28 Oct 2011

The Better Story Wins.

In writing, for us mere mortals, the quality of our stories and characters is key.

The following TED video made me wonder for how many other aspects of life this might be true.

In his 2009 talk, novelist and politician Shashi Tharoor (himself a fascinating character) looks at India's success and emerging popularity from a cultural point of view. He discusses the 'soft power' with which Indian culture, food, technology and music influences people's hearts and minds.

There's a lot of food for thought in this video. It made me wonder about the notion of world leadership, about the effect technological revolutions can have on people in different kinds and layers of society, and once again about the power of stories in our lives.

A few of my favourite passages:

'But, with this increasing awareness of India, with you and with I, and so on, with tales like Afghanistan, comes something vital in the information era, the sense that in today's world it's not the side of the bigger army that wins, it's the country that tells a better story that prevails.'
'Governments aren't very good at telling stories. But, people see a society for what it is, and that, it seems to me, is what ultimately will make a difference in today's information era'
'But, the whole point is that India is the nationalism of an idea. It's the idea of an ever-ever-land, emerging from an ancient civilization, united by a shared history, but sustained, above all, by pluralist democracy. That is a 21st-century story as well as an ancient one. And it's the nationalism of an idea that essentially says you can endure differences of caste, creed, color, culture, cuisine, custom and costume, consonant, for that matter,and still rally around a consensus. And the consensus is of a very simple principle, that in a diverse plural democracy like India you don't really have to agree on everything all the time, so long as you agree on the ground rules of how you will disagree.'
 - Shashi Tharoor, TEDIndia, Nov 2009
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23 Oct 2011


I've been a bad blogger this month, but I have an excuse:  I have been (trying to be) good somethingelses, mainly at work and at home.

A few weeks ago, I started my new job. It's stimulating and demanding and I love it.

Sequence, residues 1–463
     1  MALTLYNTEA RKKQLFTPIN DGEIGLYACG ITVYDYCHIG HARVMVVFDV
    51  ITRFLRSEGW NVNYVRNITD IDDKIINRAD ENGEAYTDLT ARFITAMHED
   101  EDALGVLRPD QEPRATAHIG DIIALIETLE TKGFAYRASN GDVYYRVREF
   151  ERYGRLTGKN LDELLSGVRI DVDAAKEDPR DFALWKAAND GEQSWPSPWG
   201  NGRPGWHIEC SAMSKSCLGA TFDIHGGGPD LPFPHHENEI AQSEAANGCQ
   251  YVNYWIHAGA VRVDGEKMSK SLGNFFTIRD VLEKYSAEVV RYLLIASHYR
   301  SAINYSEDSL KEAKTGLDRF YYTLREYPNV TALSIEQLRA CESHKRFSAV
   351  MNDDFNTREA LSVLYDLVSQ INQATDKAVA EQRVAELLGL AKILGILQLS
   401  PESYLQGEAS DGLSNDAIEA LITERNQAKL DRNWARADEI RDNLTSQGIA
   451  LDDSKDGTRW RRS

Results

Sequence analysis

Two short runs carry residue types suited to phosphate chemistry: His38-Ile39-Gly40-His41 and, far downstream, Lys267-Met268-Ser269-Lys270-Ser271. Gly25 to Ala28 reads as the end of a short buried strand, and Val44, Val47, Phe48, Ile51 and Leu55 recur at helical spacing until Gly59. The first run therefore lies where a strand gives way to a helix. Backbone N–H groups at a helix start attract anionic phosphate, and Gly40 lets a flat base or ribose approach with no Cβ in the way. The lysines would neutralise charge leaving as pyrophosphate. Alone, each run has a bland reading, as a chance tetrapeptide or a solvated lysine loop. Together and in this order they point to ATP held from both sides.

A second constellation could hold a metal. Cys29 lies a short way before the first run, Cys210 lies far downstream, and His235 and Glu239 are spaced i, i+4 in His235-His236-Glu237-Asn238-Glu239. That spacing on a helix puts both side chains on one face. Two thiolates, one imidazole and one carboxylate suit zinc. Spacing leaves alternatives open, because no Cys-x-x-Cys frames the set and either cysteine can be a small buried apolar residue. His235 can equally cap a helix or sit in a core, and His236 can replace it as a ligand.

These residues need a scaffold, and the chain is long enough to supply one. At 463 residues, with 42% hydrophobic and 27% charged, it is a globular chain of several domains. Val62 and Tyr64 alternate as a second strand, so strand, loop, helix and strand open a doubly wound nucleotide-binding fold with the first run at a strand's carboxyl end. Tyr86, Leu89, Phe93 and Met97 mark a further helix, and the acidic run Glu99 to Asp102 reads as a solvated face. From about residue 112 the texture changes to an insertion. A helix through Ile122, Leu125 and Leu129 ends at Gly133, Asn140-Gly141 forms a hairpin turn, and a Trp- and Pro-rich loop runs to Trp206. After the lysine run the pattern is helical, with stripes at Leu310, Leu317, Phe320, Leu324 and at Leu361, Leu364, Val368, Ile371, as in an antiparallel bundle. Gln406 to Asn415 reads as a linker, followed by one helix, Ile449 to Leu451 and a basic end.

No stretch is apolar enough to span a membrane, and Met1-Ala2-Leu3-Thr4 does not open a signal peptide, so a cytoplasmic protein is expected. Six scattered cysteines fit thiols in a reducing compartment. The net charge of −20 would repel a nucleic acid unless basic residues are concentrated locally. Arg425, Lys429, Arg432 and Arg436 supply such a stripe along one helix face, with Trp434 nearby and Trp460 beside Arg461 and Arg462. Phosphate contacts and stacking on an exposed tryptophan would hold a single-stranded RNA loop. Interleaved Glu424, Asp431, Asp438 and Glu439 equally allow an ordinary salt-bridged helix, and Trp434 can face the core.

It's causing big changes in my life, though. So far none I hadn't anticipated - an advantage of taking the whole summer to weigh pros and cons - but it's still interesting to observe and experience the effects.

Changing your surroundings, circumstances or lifestyle has a way of confronting you with where you're at in life. As you develop new routines and grow into them, it's easier to see how far you've come and what you need to focus on for the future.

The most mundane but possibly most significant change for me is that I have a lot less 'free' time. That doesn't sound like a good thing, yet I feel more relaxed, in control and mentally free than I have in years. It was clearly time to stop fretting, hoping and assuming, go out on the fields and bring in the harvest.

What has changed?

I always thought I was unable to simplify my life. I'm the kind of person who's potentially interested in anything and everything. That is still the case - and I'm happy because it's a good skill for a writer - but I seem to have learnt to prioritise along the way. Who'd have thought?

Most importantly: giving up a number of things (or making them less prominent) doesn't make me feel like I'm missing out. To the contrary. I am less worried and more productive. I know that what's important will still stand out, possibly more so than before.

As a result, I have set myself a deadline for my novel. I have a (small) list with the final changes I want to make, and then I'm going to unleash my baby.

Whatever happens next, I'll live and learn - and change again.

Image: 'Harvest time' by Steve Schnabel. Available under a creative commons license. © 2009, Steve Schnabel.
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13 Oct 2011

Lucky 13: Women Writers about Wine.

"Wine is the refined jewel that only a grown woman will prefer to the sparkling trinkets adored by little girls."
- Muriel Barbery (Gourmet Rhapsody)